Metroselskabet's climate change adaptation strategy supports the integration of climate change adaptation early in the planning and dimensioning phase of metro lines, so that only minor ongoing adjustments are needed afterwards.
To improve the protection of the Copenhagen metro system against flooding, the expected highest water level due to heavy rainfall and storm surges has been estimated separately for each station. This enabled to identify the exact elevation level for each entrance, stairs, tunnel ventilation, ramp, technique room, shaft, elevator, and control and maintenance centre. Apart from the track, the areas and installations mentioned above are the most vulnerable and in case of failure may affect metro operation and its safety.
To identify the highest water level in each station caused by cloudburst events, a 1:2,000 year flooding event has been considered, an event which has 5% chance of happening in the metro life (100 years). So far, Metroselskabet's climate adjustment work has focused on the M1 and M2 lines. As a consequence of climate changes, the level of safety on these lines no longer corresponds to the original designed level. These lines are now fully protected against flooding caused by cloudbursts. For newly built (M3 City Ring, M4 Nordhavn) and metro stretches under construction (M4 Sydhavn) updated climate projections of future occurrence and intensity of cloudburst and storm-surge events were taken into account. Based on these assumptions, it was found out that metro stations should be placed at different levels, between three and five metres, in order to safeguard the fixed installations against a 10,000-year flooding event.
In addition to increased elevation levels of critical metro elements, a wide variety of measures have been identified and incorporated in the design of the metro to improve its resilience to flooding, including:
- The area around the entrances to the underground stations is designed to ensure the runoff of rainwater away from the openings. Furthermore, at some underground stations, a step has been incorporated, which requires a step up before you go down to the station.
- Where the metro runs from the sections above the ground down into the tunnels a strong drainage grate has been established across the tracks where rainwater accumulates and is pumped out so it does not get into the tunnels.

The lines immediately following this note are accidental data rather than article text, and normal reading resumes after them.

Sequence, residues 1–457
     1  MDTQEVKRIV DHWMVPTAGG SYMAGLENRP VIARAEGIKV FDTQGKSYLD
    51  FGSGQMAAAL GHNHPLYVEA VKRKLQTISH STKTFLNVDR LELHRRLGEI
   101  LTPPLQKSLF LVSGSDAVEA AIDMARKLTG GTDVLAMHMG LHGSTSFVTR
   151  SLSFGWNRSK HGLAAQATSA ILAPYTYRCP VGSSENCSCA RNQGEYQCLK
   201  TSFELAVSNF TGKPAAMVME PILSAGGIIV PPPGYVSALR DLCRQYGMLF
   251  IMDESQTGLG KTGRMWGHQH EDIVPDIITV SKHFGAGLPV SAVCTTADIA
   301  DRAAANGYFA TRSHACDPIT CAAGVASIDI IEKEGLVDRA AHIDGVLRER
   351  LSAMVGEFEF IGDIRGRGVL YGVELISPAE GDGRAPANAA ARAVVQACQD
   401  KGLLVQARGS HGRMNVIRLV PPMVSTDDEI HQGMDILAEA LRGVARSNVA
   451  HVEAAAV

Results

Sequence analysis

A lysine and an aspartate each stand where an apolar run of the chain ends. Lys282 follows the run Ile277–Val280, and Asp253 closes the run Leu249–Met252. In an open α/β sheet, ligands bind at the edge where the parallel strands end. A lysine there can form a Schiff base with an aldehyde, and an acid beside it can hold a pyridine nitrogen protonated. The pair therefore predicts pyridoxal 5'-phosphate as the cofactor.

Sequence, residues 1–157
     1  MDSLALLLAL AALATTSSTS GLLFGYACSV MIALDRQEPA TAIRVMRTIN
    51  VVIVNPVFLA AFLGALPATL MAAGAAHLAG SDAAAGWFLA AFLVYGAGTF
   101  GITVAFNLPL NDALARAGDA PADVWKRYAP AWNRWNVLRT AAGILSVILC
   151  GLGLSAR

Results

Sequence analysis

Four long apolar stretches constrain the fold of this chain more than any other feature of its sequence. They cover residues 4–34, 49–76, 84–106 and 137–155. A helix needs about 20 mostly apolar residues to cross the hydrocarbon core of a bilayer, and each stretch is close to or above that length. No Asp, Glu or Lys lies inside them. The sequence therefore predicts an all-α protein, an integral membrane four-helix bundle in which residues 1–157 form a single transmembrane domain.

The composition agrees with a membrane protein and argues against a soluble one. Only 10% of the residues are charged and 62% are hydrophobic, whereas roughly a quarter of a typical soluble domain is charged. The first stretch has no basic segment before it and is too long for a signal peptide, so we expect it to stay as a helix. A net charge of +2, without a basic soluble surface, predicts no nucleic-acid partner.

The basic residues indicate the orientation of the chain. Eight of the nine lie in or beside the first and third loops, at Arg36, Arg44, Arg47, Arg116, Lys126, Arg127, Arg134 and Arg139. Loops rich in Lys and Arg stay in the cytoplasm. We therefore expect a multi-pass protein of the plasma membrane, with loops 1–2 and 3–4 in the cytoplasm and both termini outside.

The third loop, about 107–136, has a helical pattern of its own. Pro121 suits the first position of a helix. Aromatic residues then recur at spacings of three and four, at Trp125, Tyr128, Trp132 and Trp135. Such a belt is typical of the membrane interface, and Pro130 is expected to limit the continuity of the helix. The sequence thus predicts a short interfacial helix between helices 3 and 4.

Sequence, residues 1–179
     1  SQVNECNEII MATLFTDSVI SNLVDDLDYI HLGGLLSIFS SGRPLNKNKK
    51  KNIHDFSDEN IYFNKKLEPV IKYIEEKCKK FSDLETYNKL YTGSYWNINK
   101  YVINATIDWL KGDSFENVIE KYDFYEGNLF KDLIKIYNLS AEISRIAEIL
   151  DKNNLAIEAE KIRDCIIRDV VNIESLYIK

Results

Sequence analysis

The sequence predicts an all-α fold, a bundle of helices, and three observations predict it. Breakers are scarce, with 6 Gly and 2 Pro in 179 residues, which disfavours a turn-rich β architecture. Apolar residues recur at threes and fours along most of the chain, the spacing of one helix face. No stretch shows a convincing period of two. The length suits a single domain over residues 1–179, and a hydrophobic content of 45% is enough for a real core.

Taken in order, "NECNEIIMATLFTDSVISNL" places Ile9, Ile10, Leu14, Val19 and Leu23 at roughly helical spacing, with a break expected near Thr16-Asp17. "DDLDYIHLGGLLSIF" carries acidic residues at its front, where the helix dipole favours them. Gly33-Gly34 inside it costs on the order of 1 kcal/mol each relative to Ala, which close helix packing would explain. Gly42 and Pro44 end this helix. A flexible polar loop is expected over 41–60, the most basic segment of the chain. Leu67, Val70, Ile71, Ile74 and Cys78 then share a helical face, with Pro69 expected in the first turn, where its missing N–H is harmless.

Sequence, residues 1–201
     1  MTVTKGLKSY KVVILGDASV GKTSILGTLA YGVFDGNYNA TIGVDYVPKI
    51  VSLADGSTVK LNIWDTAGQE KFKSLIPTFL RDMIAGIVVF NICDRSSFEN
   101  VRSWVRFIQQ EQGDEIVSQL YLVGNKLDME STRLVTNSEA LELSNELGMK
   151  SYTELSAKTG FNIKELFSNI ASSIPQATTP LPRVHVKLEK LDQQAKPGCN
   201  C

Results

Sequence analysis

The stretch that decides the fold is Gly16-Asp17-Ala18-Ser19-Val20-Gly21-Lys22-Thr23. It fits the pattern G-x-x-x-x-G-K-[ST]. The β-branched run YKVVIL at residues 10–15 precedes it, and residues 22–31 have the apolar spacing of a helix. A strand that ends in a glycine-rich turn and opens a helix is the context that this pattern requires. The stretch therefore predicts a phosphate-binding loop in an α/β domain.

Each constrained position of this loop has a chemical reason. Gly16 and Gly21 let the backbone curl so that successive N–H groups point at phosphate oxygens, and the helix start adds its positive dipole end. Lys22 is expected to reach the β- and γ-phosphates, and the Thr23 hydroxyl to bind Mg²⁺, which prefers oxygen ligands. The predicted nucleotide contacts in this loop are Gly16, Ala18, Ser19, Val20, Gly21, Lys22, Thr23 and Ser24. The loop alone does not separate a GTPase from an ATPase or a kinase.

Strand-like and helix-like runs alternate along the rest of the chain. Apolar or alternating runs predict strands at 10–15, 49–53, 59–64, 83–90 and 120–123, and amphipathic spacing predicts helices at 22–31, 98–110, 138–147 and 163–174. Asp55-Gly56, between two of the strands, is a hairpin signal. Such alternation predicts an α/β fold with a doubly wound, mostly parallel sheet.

- In the above-ground metro system, drains are installed along the tracks leading the water out into the local sewer system.
- All underground stations have pumping capacity, so in the event that the tunnel is flooded, the water will be automatically pumped away.
- Floodgates are established in some underground stations where the metro system is directly linked to other infrastructure, to secure the metro from flooding from other parts of the public transport train system.
- The underground stations are protected against backflow from the city's sewerage system.
- Installations of waterproof outer doors in the technique rooms at several stations as well as in electrical and mechanical installations have made them waterproof.
- Technique rooms are installed with a 0.3 m raised doorstep.
- Gabion walls have been built along some exposed above-ground metro sections, such as on Eastern Amager. A gabion wall is a wall made of a cage filled with rocks; a technique that is used in coastal defences and breakwaters. They are structural elements used in the aboveground stretches, which however are not alone enough to protect from flooding.
- Waterproof walls (combination of concrete and gabion walls) up to 2.3 m high have been installed in M1 and M2 lines providing protection against sea waves along the exposed above-ground metro sections. In the new and planned lines height of the walls might be higher, reflecting the considered increased climate proof requirements.
Protection from cloudbursts and storms was ensured also during the construction period, to safeguard workers and machineries
Despite being climate adjusted, the design of existing and planned metro lines may not be sufficient for full protection against extreme whether events, sea level rise and storm surges in future, considering the evolving nature of climate change and related projections. The preliminary analyses carried out by Metroselskabet show that full protection of a metro in operation entails high costs. Metroselskabet has assessed that external protection of the whole capitol region, Greater Copenhagen, is more appropriate in socioeconomic terms than protecting the metro installations alone. The level of the measures necessary to protect the metro is highly dependent on how it is decided to protect Greater Copenhagen in general. The Municipality of Copenhagen is working on the progressive protection of the urban elements which will require decades.